In the first 25 years of the CMS nearly half the missionaries were Germans trained in Berlin and later from the Basel Seminary.[7] The Church Missionary Society College, Islington opened in 1825 and trained about 600 missionaries; about 300 joined the CMS from universities and about 300 came from other sources.[7] 30 CMS missionaries were appointed to the Episcopate, serving as bishops.[7]

The CMS published The Church Missionary Gleaner, from April 1841 to September 1857.[39] From 1813 to 1855 the society published The Missionary Register, "containing an abstract of the principal missionary and bible societies throughout the world". From 1816, "containing the principal transactions of the various institutions for propagating the gospel with the proceedings at large of the Church Missionary Society".[40]

20th century

During the early 20th century, the society's theology moved in a more liberal direction under the leadership of Eugene Stock.[41] There was considerable debate over the possible introduction of a doctrinal test for missionaries, which advocates claimed would restore the society's original evangelical theology. In 1922, the society split, with the liberal evangelicals remaining in control of CMS headquarters, whilst conservative evangelicals established the Bible Churchmen's Missionary Society (BCMS, now Crosslinks).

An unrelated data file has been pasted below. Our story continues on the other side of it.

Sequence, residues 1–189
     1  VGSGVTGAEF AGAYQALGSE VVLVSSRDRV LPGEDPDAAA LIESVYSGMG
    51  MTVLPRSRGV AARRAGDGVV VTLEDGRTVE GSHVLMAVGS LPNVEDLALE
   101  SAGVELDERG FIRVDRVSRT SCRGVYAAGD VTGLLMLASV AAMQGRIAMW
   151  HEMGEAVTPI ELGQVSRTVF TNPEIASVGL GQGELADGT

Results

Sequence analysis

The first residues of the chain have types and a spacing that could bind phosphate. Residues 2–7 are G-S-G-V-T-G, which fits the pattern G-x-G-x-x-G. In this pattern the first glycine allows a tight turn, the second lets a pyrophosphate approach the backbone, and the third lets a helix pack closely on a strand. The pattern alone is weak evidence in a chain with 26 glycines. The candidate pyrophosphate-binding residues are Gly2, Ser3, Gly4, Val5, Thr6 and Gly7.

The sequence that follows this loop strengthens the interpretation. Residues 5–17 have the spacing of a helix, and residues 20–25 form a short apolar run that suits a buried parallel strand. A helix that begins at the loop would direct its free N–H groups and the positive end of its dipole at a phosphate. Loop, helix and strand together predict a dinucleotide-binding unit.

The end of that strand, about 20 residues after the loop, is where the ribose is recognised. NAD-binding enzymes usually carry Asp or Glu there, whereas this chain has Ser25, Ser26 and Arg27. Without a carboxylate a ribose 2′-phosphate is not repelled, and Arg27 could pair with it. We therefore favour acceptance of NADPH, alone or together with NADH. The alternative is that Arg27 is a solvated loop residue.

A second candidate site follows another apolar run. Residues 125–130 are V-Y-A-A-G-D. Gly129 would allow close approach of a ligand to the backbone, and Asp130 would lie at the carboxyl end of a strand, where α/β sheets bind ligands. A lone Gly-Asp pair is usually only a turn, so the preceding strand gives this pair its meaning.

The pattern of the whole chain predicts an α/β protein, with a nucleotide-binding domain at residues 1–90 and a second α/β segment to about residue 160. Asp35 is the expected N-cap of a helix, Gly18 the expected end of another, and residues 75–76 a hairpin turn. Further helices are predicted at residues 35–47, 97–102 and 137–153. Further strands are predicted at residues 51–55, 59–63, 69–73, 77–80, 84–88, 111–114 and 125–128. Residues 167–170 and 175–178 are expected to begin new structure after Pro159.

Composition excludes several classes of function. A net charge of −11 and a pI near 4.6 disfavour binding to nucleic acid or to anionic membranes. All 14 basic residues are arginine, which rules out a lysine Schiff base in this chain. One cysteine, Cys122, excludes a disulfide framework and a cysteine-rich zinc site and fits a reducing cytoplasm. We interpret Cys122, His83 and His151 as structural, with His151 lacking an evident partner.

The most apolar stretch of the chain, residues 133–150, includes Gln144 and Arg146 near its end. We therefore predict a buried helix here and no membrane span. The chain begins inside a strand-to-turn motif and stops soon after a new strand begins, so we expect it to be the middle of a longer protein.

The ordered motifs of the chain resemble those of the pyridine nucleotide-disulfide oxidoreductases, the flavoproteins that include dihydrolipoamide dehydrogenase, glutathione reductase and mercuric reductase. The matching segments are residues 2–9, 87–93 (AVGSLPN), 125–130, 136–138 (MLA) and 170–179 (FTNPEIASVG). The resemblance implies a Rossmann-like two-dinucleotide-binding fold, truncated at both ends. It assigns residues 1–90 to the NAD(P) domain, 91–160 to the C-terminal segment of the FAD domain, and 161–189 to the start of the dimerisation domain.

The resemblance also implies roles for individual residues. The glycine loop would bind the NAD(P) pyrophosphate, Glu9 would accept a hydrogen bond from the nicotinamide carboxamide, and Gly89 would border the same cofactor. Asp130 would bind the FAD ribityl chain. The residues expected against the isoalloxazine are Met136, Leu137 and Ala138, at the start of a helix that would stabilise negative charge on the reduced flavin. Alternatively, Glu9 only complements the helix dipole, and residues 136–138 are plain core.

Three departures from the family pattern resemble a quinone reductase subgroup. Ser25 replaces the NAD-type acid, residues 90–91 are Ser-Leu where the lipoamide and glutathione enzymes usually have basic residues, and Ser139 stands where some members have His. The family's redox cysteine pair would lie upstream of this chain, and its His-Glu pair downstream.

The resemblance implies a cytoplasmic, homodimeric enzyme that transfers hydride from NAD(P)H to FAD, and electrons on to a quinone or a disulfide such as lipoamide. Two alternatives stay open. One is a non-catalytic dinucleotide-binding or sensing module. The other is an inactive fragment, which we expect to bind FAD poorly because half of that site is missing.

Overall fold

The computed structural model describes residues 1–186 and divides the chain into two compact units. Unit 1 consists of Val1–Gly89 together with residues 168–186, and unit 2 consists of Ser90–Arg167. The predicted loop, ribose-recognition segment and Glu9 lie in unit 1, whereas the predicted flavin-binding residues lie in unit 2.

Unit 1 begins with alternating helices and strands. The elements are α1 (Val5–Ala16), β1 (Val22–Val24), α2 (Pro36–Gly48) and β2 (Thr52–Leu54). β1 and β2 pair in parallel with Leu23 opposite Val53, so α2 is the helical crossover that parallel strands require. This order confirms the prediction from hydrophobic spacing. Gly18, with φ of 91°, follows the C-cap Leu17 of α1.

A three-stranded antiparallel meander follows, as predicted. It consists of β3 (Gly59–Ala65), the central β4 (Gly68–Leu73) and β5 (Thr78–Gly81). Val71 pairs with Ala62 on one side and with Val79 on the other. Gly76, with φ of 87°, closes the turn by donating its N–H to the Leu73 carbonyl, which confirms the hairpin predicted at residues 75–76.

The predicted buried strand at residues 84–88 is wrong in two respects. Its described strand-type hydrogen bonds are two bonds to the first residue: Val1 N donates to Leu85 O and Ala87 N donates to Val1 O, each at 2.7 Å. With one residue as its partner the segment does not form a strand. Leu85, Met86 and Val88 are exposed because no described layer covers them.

Notable general secretaries of the society later in the 20th century were Max Warren and John Vernon Taylor. The first woman president of the CMS, Diana Reader Harris (serving 1969–1982), was instrumental in persuading the society to back the 1980 Brandt Report on bridging the North-South divide. In the 1990s CMS appointed its first non-British general secretary, Michael Nazir-Ali, who later became Bishop of Rochester in the Church of England, and its first women general secretary, Diana Witts. Gillian Joynson-Hicks was its president from 1998 to 2007.

In 1995 the name was changed to the Church Mission Society.

At the end of the 20th century there was a significant swing back to the Evangelical position, probably in part due to a review in 1999 at the anniversary and also due to the re-integration of Mid Africa Ministry (formerly the Ruanda Mission). The position of CMS is now that of an ecumenical Evangelical society.

21st century

In 2004 CMS was instrumental in bringing together a number of Anglican and, later, some Protestant mission agencies to form Faith2Share, an international network of mission agencies.

In June 2007, CMS in Britain moved the administrative office out of London for the first time. It is now based in east Oxford.

In 2008, CMS was acknowledged as a mission community by the Advisory Council on the Relations of Bishops and Religious Communities of the Church of England. It currently has approximately 2,800 members who commit to seven promises, aspiring to live a lifestyle shaped by mission.

In 2010 CMS integrated with the South American Mission Society (SAMS).

In 2010 Church Mission Society launched the Pioneer Mission Leadership Training programme, providing leadership training for both lay people and those preparing for ordination as pioneer ministers. It is accredited by Durham University as part of the Church of England's Common Awards. In 2015 there were 70 students on the course, studying at certificate, diploma and MA level.